MandysNotes

Tuesday, 13 November 2012 19:33

A Quick and Dirty Derivation of the Maxwell Distribution

By  Gideon
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Suppose we are given a certain quantity of an ideal gas at some fixed temperature, and we want to know what sort of distribution of velocities to associate with this gas.
That is, given a range of velocities, $\Delta v = v_\beta - v_\alpha,$
what is the number of molecules, $\Delta n,$with velocities in the region of phase space $\Delta v= \Delta v_x \Delta v_y \Delta v_z?$

(We assume an idealized model where there are no interactions, no collisions, no external potential field, and all the particles are considered to be classical.)

We write the distribution of velocities as:

$\Delta n = \rho (v) \Delta v ,$

And then, employing the standard sloppiness, we take:

$dn = \rho(v) dv$

to be a continuous approximation when $\Delta n,$and $\Delta v,$are "small."

This distribution of velocities has one boundary condition:

$\rho(\infty) = 0 :$

there are no particles with infinite velocities.

And one normalization condition:

$\int{\rho(v)dv} = N \ .$

Where N is the total number of particles.

Note that the above integral is really over all velocities in a three dimensional "velocity space," and could therefore be written more explicitly as:

$\int_{- \infty}^{\infty} \int_{- \infty}^{\infty} \int_{- \infty}^{\infty} \rho (v_{x}, v_{y}, v_{z}) dv_{x} dv_{y} dv_{z}$

in Cartesian coordinates, or as:

$\int_{0}^{\pi} \int_{ 0}^{2\pi} \int_{0}^{\infty} \sigma (r, \theta , \phi ) r^2 dr \sin{\theta} d\theta d \phi$

in polar coordinates, where $$\sigma( r, \theta, \phi)$$ is simply the same distribution in terms of polar coordinates.

Now $\rho(\vec{v})$must depend on the magnitude of $\vec{v},$but not on its direction.

Therefore

$\sigma (r, \theta , \phi) = \sigma(r).$

Furthermore:

$dv = dxdydz = r^2 dr \sin{ \theta} d\theta d\phi ,$

so that:

$\rho (\vec{v})dxdydz = \sigma(r) r^2 dr \sin{ \theta} d\theta d\phi$

implies:

$\rho (\vec{v}) = \sigma(r)$

Symmetry dictates that no direction should be different than any other.
Expressing $$\rho(\vec{v})$$ in cartesian coordinates, this translates to the statement that $$\rho(\vec{v})$$ factors as:

$\rho (\vec{v}) = f(v_x)f(v_y)f(v_z)$

Putting this together with our previous results we obtain:

$\rho (\vec{v}) = f(v_x)f(v_y)f(v_z) = \sigma(r)$

Setting $v_{y} = v_{z} = 0$in the above equation we obtain:

$\rho (\vec{v}) = f(v_x)f(0)f(0) = \sigma(r) = \sigma\left(\sqrt{v_{x}^2}\right) = \sigma(v_{x})$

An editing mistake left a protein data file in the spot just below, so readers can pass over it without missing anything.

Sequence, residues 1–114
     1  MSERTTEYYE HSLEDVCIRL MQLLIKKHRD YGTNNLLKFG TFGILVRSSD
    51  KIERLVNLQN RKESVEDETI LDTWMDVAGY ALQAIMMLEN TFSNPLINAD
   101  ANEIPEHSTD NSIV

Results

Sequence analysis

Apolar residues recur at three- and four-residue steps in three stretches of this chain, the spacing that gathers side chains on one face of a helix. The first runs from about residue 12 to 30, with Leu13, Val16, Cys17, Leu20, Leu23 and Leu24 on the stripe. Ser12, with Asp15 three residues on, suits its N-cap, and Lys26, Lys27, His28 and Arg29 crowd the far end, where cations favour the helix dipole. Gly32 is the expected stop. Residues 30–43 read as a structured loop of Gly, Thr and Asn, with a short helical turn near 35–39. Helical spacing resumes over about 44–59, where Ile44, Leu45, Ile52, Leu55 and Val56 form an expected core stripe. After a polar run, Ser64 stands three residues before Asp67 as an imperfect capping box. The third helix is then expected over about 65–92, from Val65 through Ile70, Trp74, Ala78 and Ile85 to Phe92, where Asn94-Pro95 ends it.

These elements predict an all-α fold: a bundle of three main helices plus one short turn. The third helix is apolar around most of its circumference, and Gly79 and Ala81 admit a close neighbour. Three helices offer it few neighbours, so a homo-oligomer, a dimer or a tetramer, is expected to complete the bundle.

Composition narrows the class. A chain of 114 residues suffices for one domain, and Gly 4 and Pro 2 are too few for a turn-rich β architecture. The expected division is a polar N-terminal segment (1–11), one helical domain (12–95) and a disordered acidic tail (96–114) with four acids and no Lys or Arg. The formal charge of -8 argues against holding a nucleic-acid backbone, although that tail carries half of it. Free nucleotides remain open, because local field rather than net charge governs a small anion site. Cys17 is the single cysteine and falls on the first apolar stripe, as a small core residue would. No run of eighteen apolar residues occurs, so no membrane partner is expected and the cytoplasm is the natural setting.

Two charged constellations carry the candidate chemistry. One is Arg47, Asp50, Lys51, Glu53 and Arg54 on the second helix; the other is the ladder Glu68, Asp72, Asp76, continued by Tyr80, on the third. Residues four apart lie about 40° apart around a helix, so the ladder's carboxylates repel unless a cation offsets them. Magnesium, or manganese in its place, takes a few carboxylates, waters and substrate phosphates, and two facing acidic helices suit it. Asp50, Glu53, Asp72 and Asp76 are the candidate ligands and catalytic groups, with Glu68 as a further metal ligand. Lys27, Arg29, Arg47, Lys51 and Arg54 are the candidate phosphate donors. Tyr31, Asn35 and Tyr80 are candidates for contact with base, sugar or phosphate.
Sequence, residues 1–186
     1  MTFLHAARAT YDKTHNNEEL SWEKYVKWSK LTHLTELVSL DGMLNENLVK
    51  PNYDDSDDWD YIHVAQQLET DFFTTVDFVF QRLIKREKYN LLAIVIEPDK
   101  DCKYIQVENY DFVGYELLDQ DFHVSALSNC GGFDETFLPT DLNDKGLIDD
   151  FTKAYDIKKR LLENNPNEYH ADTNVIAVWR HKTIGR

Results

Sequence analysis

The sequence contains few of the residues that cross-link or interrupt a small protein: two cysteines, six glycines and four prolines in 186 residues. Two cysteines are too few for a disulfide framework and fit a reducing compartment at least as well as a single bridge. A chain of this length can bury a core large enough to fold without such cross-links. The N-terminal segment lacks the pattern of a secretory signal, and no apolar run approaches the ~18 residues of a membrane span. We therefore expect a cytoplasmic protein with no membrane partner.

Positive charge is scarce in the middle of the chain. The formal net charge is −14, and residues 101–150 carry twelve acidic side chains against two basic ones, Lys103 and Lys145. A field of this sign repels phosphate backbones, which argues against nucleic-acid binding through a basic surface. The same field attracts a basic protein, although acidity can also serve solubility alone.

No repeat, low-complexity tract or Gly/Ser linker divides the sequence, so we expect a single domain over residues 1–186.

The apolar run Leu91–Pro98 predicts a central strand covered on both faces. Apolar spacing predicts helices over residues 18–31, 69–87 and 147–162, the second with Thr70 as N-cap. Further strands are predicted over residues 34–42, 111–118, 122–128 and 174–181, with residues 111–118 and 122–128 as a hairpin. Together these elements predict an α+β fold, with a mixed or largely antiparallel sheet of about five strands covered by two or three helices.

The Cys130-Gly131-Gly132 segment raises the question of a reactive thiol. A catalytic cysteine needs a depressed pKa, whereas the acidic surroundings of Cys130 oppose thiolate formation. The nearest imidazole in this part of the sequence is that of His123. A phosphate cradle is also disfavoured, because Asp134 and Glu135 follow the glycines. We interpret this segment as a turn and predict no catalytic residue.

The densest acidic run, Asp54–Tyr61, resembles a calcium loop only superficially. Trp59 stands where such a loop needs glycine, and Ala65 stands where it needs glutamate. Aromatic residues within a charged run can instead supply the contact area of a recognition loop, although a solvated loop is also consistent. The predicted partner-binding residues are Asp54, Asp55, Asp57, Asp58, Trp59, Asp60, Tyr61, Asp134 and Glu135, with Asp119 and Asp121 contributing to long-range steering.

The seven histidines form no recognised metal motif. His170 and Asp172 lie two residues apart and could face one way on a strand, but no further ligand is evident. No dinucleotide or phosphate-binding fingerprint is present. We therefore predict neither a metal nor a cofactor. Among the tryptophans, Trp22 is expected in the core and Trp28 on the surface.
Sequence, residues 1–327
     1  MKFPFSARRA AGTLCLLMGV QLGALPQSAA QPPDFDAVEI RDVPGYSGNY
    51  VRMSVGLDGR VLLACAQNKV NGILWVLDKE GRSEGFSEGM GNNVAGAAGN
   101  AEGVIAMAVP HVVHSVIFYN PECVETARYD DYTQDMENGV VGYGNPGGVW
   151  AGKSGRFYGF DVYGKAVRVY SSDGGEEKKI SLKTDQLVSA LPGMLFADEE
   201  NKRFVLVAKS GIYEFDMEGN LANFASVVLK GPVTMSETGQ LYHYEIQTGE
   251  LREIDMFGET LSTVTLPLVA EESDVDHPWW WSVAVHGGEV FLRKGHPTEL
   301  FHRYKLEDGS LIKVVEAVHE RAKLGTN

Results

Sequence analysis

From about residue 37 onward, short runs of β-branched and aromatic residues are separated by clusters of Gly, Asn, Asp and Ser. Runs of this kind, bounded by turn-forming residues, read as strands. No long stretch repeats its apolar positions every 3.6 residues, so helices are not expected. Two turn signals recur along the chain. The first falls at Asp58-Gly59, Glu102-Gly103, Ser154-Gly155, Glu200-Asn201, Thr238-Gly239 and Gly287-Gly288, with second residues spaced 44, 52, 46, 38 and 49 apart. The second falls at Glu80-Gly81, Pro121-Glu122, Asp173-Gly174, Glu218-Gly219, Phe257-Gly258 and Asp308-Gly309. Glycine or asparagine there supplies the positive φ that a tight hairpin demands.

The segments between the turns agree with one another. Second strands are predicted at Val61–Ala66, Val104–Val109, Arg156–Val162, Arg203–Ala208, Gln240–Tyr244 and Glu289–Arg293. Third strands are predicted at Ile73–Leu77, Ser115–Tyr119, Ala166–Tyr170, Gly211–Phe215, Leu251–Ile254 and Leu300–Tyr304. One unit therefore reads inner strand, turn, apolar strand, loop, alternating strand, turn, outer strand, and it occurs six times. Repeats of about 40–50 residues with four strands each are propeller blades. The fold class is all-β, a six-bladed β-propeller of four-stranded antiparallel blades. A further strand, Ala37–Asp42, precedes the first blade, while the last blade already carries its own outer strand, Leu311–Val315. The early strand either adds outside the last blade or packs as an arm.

Now setting $v_{x} = r :$

$f(r)f(0)f(0) = \sigma(r)$

So that:

$\rho (\vec{v}) = f(v_x)f(v_y)f(v_z) = \sigma(r)= \sigma \left(\sqrt{v_{x}^2 + v_{y}^2 + v_{z}^2}\ \right) = f(r)f(0)f(0)$

Divide both sides by $\left(f(0)\right)^{3}$

$\frac{f(v_x)}{f(o)} \frac{f(v_y)}{f(o)} \frac{f(v_z)}{f(o)} = \frac{f(r)}{f(0)}$

And then take the logarithm:

$\ln{ \frac{f(v_x)}{f(o)}} + \ln{ \frac{f(v_y)}{f(o)}} + \ln{ \frac{f(v_z)}{f(o)}} = \ln{ \frac{f(r)}{f(o)}}$

Now define $h(x^2) \equiv \ln{ \frac{f(x)}{f(o)}}.$

Then:

$h(v_{x}^2) + h(v_{y}^2) + h(v_{z}^2) = h( v_{x}^2 + v_{y}^2 + v_{z}^2 )$

This will be true only if $$h(x^2) = ax^2$$, where $$a$$ is some constant.

Therefore:

$\frac{f(r)}{f(0)} = e^{ar^2}$

and,

$\sigma (r) = f(r)f(0)f(0) = e^{ar^2} \left( f(0) \right)^3 = C e^{ar^2}$

In order to achieve the boundary condition:

$\sigma (\infty) = 0 \ ,$

$$a$$ must be less than zero. We will take $$\kappa = | a |$$, so that:

$\sigma (r) = C e^{-\kappa r^2}$

We have:

$dn_v = \rho (\vec{v}) dv = \sigma (r) dv = C e^{-\kappa v^2} dv$

The probability that a particle will have velocity $$v$$ is:

$p(v)dv = \frac{dn_v}{N} = \frac{C e^{-\kappa v^2} dv}{N} = \frac{C e^{-\kappa v^2} dv}{\int C e^{-\kappa v^2} dv } = \frac{ e^{-\kappa v^2} dv}{\int e^{-\kappa v^2} dv }$

So in order to find $$p(v)dv$$ we don't need to know $$N$$, or $$C$$, but we do need to know $$\int e^{-\kappa v^2} dv$$.

This is:

$\int e^{-\kappa v^2} dv = \int_{- \infty}^{\infty} \int_{- \infty}^{\infty} \int_{- \infty}^{\infty} e^{-\kappa v^2} dxdydz$
$= \int_{0}^{\pi} \int_{ 0}^{2\pi} \int_{0}^{\infty}e^{-\kappa r^2} r^2 dr \sin{\theta} d\theta d \phi= 4 \pi \int_{0}^{\infty}e^{-\kappa r^2} r^2 dr$

This is either the product of three gaussian integrals, or $$4\pi$$ times a beta function. Either way the answer is:

$\int e^{-\kappa v^2} dv = \left( \frac{\pi}{\kappa} \right)^{\frac{3}{2}}$

So that:

$p(v)dv = \left( \frac{\kappa}{\pi} \right)^{\frac{3}{2}}e^{-\kappa v^2} dv.$

This defines a Gaussian, or normal, probability distribution.

Note that at $v=0:$

$\frac{dn_0}{N} = p(0)dv = \left( \frac{\kappa}{\pi} \right)^{\frac{3}{2}} dv$

In other words, at zero, the Gaussian probability distribution is uniform.

If you have studied statistical mechanics, then you know that $$\kappa = \frac{m}{2KT}$$, where $$m$$ is the mass of each particle, $$K$$ is Boltzman's constant, and $$T$$ is temperature.

The probability distribution:

$p(\vec{v}) dv = \left( \frac{m}{2\pi kT} \right)^{\frac{3}{2}}e^{-\frac{-m v^2}{2kT}} dxdydz$

Is called the Maxwell distribution.

As  $$T$$  approaches zero, the Maxwell distribution approaches a Dirac delta distribution.